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In addition to seeing a sight as amazing as Iguacu Falls, what was great to realize about our trip and the delayed return was how much we were all looking forward to getting back to our home in Rio. ¬†We have only been gone from the U.S. for a little over three weeks so far, but we’ve already made a home together here and after 6 nights in hotels and eating with strangers in buffets, we were ready to get back to our own little cozy abode in Ipanema.

And while we had prepared for a 5-day trip, and no one is really the worse for the wear, the extra two days did mean at least one casualty…in the form of very brown bananas in the fruit bowl, and when you return home to brown bananas, what else do you do but incorporate them into your homeschool curriculum and make banana bread in cooking class? Today, Jim and all three kids looked up a recipe, when to the market for the missing ingredients, and went to work:

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I couldn’t even get a pic before they dug in…and seconds and thirds were served after dinner!

We’re in Rio through the end of the month, then traveling through other parts of Brazil for 2 additional weeks before taking up residence in Buenos Aires for a month-long stay in Argentina.

Boa noite for now!

Adventure…and perspective

Adventure…and perspective

We’ve continued to fill our days with new adventures, exploring local parks, getting into pick-up soccer games with local kids, and trying customary treats-¬†acai,¬†empada, and anything marcuja¬†(which everyone but Sean highly recommends).

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At Colin’s suggestion a few days ago, our ‘cooking class’ consisted of the entire family working together to make vegetable soup and garlic bread. ¬†It was pretty entertaining, especially considering that our kitchen here is way smaller than our kitchen at home and for those who have seen our kitchen, you know that means pretty darn small. Nonetheless, it was delicious. ¬†So much so that we promptly made garlic bread again the next night to go with the (less popular) frittata entree that I (unfairly?) chose to make without class input.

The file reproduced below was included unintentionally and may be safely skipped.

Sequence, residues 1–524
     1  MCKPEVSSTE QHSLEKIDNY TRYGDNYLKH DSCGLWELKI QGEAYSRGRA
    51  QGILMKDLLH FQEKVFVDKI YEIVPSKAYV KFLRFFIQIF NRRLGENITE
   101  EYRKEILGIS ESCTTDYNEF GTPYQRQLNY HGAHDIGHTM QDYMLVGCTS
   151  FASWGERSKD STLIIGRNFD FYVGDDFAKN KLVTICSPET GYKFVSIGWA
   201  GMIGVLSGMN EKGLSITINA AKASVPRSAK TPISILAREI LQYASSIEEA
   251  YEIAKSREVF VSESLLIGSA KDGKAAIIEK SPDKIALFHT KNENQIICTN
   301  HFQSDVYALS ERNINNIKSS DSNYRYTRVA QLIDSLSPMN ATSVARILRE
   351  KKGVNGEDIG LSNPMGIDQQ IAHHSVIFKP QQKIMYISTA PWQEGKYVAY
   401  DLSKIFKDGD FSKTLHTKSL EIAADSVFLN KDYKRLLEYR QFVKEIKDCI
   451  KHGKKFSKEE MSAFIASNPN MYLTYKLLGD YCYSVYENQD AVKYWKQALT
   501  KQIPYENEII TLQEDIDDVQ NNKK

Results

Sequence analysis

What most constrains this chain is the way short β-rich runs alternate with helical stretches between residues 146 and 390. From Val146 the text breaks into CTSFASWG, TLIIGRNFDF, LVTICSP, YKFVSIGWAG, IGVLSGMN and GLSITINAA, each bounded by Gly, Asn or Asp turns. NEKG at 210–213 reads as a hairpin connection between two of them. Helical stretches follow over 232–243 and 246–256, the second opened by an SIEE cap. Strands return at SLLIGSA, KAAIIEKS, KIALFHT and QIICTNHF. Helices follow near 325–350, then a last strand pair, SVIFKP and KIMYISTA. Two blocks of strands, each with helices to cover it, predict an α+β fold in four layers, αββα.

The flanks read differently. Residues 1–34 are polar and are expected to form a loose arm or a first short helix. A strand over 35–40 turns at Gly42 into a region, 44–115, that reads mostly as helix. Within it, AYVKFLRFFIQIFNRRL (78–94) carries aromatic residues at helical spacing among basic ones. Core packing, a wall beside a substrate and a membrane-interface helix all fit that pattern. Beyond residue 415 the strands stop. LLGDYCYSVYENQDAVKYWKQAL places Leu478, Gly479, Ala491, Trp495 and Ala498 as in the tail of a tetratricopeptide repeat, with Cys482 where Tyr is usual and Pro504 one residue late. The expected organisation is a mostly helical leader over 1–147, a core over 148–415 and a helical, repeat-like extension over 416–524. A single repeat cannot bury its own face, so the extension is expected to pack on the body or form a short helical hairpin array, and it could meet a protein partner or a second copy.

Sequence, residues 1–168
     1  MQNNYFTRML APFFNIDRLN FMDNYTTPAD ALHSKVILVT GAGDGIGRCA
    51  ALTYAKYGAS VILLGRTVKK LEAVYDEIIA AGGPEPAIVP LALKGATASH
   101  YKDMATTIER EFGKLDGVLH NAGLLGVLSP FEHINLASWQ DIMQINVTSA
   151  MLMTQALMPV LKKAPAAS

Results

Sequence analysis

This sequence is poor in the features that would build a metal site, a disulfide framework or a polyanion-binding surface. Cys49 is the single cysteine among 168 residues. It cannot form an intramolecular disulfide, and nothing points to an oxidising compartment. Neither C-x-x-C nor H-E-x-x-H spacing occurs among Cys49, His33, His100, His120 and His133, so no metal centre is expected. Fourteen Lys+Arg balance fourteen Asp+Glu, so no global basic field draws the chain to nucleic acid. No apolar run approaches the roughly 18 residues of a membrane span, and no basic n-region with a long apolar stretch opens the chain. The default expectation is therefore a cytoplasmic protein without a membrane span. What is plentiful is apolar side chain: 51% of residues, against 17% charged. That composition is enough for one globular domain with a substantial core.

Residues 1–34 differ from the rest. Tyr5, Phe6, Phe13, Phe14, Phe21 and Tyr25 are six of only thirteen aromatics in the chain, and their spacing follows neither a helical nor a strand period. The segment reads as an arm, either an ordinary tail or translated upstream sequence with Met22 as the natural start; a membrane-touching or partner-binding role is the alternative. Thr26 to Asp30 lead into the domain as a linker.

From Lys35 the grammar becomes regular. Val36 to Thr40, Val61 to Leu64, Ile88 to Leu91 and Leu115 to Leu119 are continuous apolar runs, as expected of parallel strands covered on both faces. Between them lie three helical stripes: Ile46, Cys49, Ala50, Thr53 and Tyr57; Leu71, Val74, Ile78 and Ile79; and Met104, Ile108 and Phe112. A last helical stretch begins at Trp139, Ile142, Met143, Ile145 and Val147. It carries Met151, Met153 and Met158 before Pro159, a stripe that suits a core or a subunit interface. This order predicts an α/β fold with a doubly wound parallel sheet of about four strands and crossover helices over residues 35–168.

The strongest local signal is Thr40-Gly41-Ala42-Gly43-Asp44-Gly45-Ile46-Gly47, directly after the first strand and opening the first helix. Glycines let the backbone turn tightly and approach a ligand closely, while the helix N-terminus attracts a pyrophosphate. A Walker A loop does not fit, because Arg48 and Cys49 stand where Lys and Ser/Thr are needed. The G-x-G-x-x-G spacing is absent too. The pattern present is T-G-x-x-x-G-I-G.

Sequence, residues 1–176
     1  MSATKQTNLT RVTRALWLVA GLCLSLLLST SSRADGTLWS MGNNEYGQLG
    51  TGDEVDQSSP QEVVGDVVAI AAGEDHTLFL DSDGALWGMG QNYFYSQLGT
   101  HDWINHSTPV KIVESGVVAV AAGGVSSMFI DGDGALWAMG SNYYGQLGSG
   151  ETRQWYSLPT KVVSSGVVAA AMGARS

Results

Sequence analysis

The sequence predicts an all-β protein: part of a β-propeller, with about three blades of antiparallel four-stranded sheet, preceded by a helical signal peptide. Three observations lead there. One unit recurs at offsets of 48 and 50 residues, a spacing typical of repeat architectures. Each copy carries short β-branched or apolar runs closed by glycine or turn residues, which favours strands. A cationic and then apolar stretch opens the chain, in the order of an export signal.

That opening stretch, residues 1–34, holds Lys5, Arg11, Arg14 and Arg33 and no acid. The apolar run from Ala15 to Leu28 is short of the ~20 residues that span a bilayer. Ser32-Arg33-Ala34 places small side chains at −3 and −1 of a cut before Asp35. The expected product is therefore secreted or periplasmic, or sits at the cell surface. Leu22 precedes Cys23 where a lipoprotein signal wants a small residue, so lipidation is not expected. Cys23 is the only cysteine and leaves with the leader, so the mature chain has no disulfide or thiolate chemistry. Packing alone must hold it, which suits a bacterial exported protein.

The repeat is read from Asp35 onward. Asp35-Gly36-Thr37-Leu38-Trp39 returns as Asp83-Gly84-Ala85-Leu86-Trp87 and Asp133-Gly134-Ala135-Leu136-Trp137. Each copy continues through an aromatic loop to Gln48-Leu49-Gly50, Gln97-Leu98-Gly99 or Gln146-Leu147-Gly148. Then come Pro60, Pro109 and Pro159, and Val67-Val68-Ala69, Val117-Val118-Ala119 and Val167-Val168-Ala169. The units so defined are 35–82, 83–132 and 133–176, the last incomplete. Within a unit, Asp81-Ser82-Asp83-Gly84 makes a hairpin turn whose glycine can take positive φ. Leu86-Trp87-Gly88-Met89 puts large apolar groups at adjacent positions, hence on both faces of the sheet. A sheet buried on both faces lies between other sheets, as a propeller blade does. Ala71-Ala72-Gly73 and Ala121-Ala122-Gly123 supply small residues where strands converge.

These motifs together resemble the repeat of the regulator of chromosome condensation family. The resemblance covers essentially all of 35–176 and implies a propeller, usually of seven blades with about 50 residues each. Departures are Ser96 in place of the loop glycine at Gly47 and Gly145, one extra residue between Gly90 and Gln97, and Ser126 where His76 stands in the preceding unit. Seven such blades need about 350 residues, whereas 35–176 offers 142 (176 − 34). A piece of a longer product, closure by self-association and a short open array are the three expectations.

Yesterday the entire family road bikes 4.5 miles around Lagoa Rodrigo De Freitas in town (Colin got a ride in a jump seat with Jim), which was our longest family bike ride yet anywhere and gave us excited visions of future 2-wheeled journeys.

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Late last week, we ventured far afield of Ipanema to see a great match between two of Rio’s rival soccer clubs, Botofogo and Flumanense, and made friends with some of the local fans in the process.IMG_2377.JPG

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Wearing the home team colors (or close) went a long way toward being welcomed in the goal-line bleachers, with more than one stadium usher making sure we sat in a section appropriate for gringo tourists (i.e. not with the loucos, see above)

Rio has a relatively new subway system (built in the 1970’s), taxis a-plenty, and even Uber, so we’ve been able to cover a lot of ground in our explorations. ¬†Getting around town invariably means getting outside of the more ‘touristy’ areas and seeing more of the typical neighborhoods, people, lifestyles, and situations.

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Starting with our ride from the airport when Sean asked “why are so many buildings here broken?” we have had the opportunity for lots of conversations about how there are many places in the world that do not look like where we live, and how lucky we are to have the safety, cleanliness, and resources¬†that we have in the U.S. and specifically, in the Bay Area. It’s been an interesting balance as a parent to help them stay safe in a place with unfamiliar hazards, while trying to not create fear or dislike for things that are different than what we’re used to.

While thousands of people are relaxing on the beach each weekend, vendors, primarily men, women and children from the favelas¬†(slums), walk up and down the beach selling snacks, beach games, and souvenirs for tiny¬†profits. We’ve always tried to have open conversations with¬†our kids about differences between families in terms of homes, backgrounds, beliefs, and money, but as they say, ‘an picture is worth a thousand words.’ Seeing these people¬†working while we played definitely¬†incited many¬†questions, and hopefully this is a picture¬†that will stick with them for more than one afternoon on the beach and influence them in positive ways.